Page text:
There are several other international initiatives targeting the cocoa sector, such as the International Cocoa Initiative. This is a platform for chocolate and cocoa companies, civil society and governments to align projects and goals for addressing child labour and forced labour. Another example is the Cocoa and Forests Initiative. This is a platform between industry, donors and the governments of Ghana and Côte d'Ivoire against deforestation. 

Sustainability issues are pressing for both producers and buyers. These issues will remain high on the international agenda. As said, the private sector also engages more closely with sustainability activities. This is elaborated on in the next section.


2. Sustainability programmes are commonplace in the private sector

Consumer awareness about sustainable cocoa production has grown in the last decade: 87% of EU chocolate consumers perceive that sustainability claims are important when choosing what chocolate products to buy. This has resulted in an increased demand for sustainably produced cocoa and chocolate, especially in Northern and Western Europe. 

Most importers, cocoa processors, chocolate makers and retailers have designed their own sustainability commitments over the years. Each company follows its own strategy in defining sustainability. Some use the certification schemes of the leading standard bodies (Rainforest Alliance, Fairtrade, organic) and some work through their own projects, while others combine both approaches. Depending on the buyer and their enforcement actions, producers will need to comply or commit to comply with the required standards.

Some corporate sustainability programmes:

Retailers express their sustainability concerns and requirements in their codes of conduct: see the sustainability webpages of REWE (Germany), Ahold Delhaize (Netherlands) and Carrefour (France) for examples. Since 2018, retailers have created the Retailer Cocoa Collaboration, aiming to support existing industry efforts to drive environmental and social improvements in the sector. 

Many European retailers also actively promote certified cocoa and increasingly source certified cocoa for their own private-label brands. Belgium's partnership for sustainable cocoa Beyond Chocolate targets that by 2025, 100% of chocolate produced and/or sold in Belgium will be certified. These chocolate products may also be covered by a corporate sustainability scheme. Read more about the developments in certification in our statistics and outlook study.

Some European countries have also set sustainability goals targeting their chocolate and confectionery industry. Companies increasingly adopt their practices to contribute to these targets, for example by endorsing specific certification schemes or codes of conduct. Some countries work on their own national platforms to achieve their sustainability targets:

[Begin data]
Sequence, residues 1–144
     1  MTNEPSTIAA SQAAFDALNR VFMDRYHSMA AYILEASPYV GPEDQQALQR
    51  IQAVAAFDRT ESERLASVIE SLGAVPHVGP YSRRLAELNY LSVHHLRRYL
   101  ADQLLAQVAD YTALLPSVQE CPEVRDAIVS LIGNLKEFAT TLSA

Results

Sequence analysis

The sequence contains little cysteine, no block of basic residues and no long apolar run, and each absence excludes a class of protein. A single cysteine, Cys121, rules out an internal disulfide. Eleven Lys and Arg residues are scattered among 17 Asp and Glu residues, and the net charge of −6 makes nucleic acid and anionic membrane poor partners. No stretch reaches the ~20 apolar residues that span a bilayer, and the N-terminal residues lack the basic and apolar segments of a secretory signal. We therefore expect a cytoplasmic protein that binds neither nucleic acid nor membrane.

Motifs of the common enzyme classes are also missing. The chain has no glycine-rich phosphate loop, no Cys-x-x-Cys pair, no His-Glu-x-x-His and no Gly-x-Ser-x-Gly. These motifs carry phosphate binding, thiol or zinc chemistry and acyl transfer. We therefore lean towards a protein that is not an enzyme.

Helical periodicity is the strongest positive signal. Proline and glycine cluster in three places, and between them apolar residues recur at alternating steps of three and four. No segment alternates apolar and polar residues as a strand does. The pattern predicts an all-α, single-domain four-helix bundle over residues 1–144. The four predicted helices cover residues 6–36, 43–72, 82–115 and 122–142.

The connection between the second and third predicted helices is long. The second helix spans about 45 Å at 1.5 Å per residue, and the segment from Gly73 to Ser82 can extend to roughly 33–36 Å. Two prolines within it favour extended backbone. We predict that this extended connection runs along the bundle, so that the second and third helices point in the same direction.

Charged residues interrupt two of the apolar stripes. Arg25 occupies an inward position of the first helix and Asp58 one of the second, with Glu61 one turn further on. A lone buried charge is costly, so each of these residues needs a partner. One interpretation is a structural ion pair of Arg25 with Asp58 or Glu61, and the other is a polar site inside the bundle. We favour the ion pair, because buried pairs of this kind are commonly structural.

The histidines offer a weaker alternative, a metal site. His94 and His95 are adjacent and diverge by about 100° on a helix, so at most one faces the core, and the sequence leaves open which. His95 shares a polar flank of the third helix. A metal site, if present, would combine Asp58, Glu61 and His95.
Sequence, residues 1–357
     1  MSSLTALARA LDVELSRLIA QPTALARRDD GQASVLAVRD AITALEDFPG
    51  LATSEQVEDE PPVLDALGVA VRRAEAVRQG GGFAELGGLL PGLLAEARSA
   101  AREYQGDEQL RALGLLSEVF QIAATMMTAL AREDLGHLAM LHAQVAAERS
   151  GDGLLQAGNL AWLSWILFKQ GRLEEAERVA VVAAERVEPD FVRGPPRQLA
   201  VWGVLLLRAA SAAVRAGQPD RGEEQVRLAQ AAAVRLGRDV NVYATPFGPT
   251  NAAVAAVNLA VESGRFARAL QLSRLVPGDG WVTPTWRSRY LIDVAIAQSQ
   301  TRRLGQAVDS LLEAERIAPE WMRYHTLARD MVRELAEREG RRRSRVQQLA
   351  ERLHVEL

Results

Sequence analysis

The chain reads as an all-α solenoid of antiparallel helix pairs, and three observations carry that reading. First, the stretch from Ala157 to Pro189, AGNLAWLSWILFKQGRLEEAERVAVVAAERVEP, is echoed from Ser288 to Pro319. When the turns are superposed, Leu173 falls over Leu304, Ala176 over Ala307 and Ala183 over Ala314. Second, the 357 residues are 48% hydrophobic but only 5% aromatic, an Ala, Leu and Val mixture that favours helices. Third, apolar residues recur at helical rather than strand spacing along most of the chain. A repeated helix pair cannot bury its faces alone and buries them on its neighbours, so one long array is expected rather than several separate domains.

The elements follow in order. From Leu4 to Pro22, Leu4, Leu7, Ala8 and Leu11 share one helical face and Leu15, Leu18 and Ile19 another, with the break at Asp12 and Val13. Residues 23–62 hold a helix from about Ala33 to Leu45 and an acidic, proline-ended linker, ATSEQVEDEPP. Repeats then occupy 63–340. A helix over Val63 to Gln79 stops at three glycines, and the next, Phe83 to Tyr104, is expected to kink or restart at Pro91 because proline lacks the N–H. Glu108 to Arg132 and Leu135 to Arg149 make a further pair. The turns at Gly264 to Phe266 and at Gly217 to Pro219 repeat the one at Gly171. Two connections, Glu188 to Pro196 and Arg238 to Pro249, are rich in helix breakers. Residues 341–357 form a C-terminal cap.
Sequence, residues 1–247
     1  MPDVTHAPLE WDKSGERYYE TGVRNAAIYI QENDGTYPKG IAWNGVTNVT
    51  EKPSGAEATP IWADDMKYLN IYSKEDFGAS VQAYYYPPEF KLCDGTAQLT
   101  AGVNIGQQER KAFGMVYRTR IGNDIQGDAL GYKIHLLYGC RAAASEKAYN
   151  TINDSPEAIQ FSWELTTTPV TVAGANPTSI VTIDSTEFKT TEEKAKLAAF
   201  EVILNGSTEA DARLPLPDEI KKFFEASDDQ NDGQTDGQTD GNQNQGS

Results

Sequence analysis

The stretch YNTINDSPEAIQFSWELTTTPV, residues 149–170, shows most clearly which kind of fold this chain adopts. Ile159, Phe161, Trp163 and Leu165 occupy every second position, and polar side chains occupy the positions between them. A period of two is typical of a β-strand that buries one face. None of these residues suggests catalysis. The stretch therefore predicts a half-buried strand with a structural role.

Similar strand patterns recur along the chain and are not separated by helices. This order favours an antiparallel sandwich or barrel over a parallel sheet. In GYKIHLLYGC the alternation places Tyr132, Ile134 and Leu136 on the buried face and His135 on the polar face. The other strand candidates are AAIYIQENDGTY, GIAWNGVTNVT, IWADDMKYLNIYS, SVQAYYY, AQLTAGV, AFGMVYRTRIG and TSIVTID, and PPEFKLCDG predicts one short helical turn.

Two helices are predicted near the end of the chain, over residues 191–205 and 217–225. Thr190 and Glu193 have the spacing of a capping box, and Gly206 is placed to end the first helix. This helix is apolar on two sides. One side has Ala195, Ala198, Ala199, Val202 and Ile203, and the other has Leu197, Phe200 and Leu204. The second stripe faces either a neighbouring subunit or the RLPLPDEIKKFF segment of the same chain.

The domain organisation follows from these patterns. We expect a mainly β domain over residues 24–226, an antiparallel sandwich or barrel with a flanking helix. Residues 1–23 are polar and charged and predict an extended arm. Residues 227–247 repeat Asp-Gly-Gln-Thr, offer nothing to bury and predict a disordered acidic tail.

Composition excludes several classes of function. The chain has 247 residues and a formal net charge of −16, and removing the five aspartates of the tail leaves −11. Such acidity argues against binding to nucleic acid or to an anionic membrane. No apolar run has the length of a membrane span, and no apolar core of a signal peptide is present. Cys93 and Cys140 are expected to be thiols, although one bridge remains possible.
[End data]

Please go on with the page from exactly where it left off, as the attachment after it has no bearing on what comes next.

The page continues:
In 2021, these national sustainability platforms signed a Memorandum of Understanding (MoU) to collaborate more closely and to enhance transparency.

In addition, governments' procurement policies in Western Europe consistently focus on sustainability criteria for the purchase of products such as cocoa and chocolate. The Dutch government, for instance, has elaborated specific sustainable procurement guidelines, also for cocoa. All Dutch public agencies have started implementing them. This includes imposing conditions on their public tenders.

As these commitments and programmes show, companies and governments acknowledge the need to reach a more sustainable cocoa sector. The focus on and importance of sustainability for companies active in the cocoa sector will only increase and intensify. It broadens the focus on issues such as biodiversity and living incomes. 


  • Before engaging in any certification scheme, verify with potential buyers whether a certification is required. You could discuss with them if there are any possibilities of receiving assistance in obtaining your certifications.
  • Assess whether you will benefit from moving to sustainable production by using the Cocoa Farm Development Plan from the international standards for sustainable and traceable cocoa production.
  • Research existing sustainability standards in the European market by approaching cocoa importers, supermarket chocolate category managers and sector specialists. Adhering to the guidelines set by these standards can be a good starting point if you want to supply cocoa beans to these companies.
  • Check ICCO's website for a complete overview of all past and present cocoa sustainability initiatives.

3. EU regulation on cadmium continues to impact the industry

Cadmium is found naturally in the soil. However, pesticides and chemical fertilisers containing cadmium are also sources of contamination. Cadmium is a problem for cocoa in some Latin American countries. These countries suffer from high soil contamination from volcanic activity, forest fires and other factors. Intake of high levels of cadmium is primarily toxic to the kidneys, so it is a serious concern for consumers' health.

The European Union has strengthened its regulation on cadmium in chocolate and derived products. In August 2021, the EU amended regulation (EC) No 1881/2006, setting stricter maximum levels of cadmium in certain foodstuffs.